Workshops, Mentoring and Coaching for Students?

Resources

Do you want to know more about your rights?

 

FAQs

Question: Why study?

Many jobs today require a qualification after finishing school.

For example: you want to become a Teacher, then you need a teaching degree and then a teaching license. 

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 Question: Thinking about studying?

 

 

 

Do you want to know more about your rights?

A short guide to advocacy for students who are deaf or hard of hearing

This video was produced by Deaf Victoria with the assistance of deafConnectEd.

There is more information about your rights on the following website:

Disability Discrimination Act - Education Standards Website
(www.ddaedustandards.info)banner_main[1]
This website is for people with a disability, an associate of a person with a disability, or a person involved in the delivery of education. It does not cover the full detail of the DDA Education Standards, just the more important parts of the Standards. Information is in English with Auslan.

Disability Standards for Education
A practical guide for individuals, families and communities
http://resource.dse.theeducationinstitute.edu.au/

This resource aims to increase awareness and understanding of the Disability Standards for Education among individuals, families and communities throughout Australia. It was developed by the University of Canberra in collaboration with funding partners.

Money Matters

Studying can put extra pressure on your budget. There are fees to pay, books to buy.  Here are some links to information about how to manage your money.

http://deafsocietynsw.org.au/auslan_resources/page/money_minded  -

Auslan Video with Subtitles

http://www.youthcentral.vic.gov.au/managing-money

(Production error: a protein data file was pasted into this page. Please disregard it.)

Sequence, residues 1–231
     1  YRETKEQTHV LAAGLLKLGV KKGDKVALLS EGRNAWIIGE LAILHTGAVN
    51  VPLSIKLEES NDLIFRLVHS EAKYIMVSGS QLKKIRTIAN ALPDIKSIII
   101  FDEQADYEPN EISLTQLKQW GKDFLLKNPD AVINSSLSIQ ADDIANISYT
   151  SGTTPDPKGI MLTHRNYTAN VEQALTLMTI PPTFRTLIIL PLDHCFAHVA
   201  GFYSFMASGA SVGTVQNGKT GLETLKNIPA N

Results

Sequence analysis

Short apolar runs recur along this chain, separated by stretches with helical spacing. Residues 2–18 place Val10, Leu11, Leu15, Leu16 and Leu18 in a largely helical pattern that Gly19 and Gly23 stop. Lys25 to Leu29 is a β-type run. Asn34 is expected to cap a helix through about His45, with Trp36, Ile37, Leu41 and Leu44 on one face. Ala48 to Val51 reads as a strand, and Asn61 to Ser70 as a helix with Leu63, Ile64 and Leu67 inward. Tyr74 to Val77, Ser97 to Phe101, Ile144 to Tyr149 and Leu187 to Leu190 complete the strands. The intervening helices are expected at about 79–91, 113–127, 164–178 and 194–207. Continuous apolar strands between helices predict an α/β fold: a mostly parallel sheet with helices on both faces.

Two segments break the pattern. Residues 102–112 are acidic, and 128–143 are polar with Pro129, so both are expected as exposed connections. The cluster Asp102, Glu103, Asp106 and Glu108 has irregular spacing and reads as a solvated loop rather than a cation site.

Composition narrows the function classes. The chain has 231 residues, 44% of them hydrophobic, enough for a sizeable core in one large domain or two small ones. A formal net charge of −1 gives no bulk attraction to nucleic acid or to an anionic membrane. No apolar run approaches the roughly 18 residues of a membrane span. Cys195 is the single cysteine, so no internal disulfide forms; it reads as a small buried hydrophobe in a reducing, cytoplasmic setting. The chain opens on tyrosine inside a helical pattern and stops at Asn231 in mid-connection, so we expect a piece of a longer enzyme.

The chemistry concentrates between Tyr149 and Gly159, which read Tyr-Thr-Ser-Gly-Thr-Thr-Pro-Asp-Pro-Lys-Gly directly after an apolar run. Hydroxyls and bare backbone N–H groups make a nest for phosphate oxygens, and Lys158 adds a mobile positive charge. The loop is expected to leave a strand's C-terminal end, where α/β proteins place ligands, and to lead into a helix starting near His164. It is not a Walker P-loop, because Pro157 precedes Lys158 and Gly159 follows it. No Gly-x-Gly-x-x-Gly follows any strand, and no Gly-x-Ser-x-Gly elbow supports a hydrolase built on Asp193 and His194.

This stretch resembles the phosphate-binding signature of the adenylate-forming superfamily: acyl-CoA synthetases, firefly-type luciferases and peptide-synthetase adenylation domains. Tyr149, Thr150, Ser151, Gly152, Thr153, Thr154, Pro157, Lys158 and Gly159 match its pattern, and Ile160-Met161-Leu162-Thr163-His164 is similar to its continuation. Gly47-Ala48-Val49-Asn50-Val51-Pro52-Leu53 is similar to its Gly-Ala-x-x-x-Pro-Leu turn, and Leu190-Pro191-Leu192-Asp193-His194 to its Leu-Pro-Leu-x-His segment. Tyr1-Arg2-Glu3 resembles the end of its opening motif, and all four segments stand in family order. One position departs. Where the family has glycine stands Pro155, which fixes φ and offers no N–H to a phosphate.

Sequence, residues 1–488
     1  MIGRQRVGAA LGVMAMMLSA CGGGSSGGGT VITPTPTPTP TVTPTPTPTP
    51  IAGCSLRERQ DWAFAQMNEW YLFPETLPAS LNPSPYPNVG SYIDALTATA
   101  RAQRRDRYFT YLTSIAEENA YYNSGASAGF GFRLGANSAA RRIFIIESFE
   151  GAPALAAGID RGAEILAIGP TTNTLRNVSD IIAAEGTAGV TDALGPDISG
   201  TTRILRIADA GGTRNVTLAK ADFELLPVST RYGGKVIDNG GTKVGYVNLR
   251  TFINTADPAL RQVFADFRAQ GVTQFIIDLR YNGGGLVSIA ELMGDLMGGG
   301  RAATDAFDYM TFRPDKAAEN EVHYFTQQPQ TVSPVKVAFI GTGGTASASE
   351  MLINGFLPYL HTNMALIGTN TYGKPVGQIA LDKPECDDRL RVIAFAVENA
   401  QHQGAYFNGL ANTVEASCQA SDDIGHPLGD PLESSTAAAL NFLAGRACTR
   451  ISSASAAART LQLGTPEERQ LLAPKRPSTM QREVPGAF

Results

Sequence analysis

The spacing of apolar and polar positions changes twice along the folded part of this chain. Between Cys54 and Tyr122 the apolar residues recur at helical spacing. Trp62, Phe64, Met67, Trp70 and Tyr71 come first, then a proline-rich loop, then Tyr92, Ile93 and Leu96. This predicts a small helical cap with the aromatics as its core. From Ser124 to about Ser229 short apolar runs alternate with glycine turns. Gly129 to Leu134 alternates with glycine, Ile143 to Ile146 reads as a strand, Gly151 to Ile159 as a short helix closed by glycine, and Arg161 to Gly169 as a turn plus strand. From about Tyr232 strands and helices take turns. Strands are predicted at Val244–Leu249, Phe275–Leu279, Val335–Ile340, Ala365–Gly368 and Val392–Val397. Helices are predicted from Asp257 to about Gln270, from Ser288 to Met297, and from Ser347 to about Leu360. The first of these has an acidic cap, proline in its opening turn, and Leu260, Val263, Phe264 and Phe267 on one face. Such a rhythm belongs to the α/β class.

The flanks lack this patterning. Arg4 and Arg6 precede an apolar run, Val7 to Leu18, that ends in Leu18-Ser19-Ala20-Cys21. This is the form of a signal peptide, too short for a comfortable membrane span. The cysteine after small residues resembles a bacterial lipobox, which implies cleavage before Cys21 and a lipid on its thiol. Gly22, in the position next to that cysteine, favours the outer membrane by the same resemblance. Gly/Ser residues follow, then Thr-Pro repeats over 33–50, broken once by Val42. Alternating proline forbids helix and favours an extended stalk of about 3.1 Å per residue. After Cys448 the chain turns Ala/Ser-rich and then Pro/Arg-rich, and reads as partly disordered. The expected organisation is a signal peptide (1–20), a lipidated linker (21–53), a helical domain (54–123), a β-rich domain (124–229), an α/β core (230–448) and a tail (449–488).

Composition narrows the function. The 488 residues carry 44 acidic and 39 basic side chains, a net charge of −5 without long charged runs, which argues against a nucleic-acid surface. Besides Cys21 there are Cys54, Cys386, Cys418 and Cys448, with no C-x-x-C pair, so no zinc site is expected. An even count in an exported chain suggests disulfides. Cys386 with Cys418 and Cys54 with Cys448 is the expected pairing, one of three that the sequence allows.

Living out of home

If you are moving out of home, here is some useful information about finding flatmates, renting and options if you find yourself without a home:

http://www.youthcentral.vic.gov.au/housing-accommodation

Centrelink payments to support you during study

If you are studying, training or doing an apprenticeship, have a look at the following link to see if you can apply for any financial support:

www.humanservices.gov.au/customer/themes/students-and-trainees?from=theme-bar

www.humanservices.gov.au/customer/subjects/payments-for-students-and-trainees

Assistive devices & technology

Talk to your DLO about any technology that could help you in your study. It is best if you already have a clear idea about what you need and how it could help you. Here are some link to technology that could be useful:

Hearservice at Vicdeaf:
http://www.hearservice.com.au/products.asp?id=10&t=Assistive+Listening+Devices

Word of Mouth Technology:
http://www.wom.com.au/

Subsided Smoke Alarms (Government-funded program):
http://www.vicdeaf.com.au/content.asp?id=31&t=smoke-alarm-subsidy&cid=81

Conexu:
http://www.conexu.com.au/

Deaf people talking about their studies

Here are some videos with deaf people talking about their experiences in TAFE & University:

And this is a new resource made by young deaf people exploring deaf identity, language, study, work and much, much more: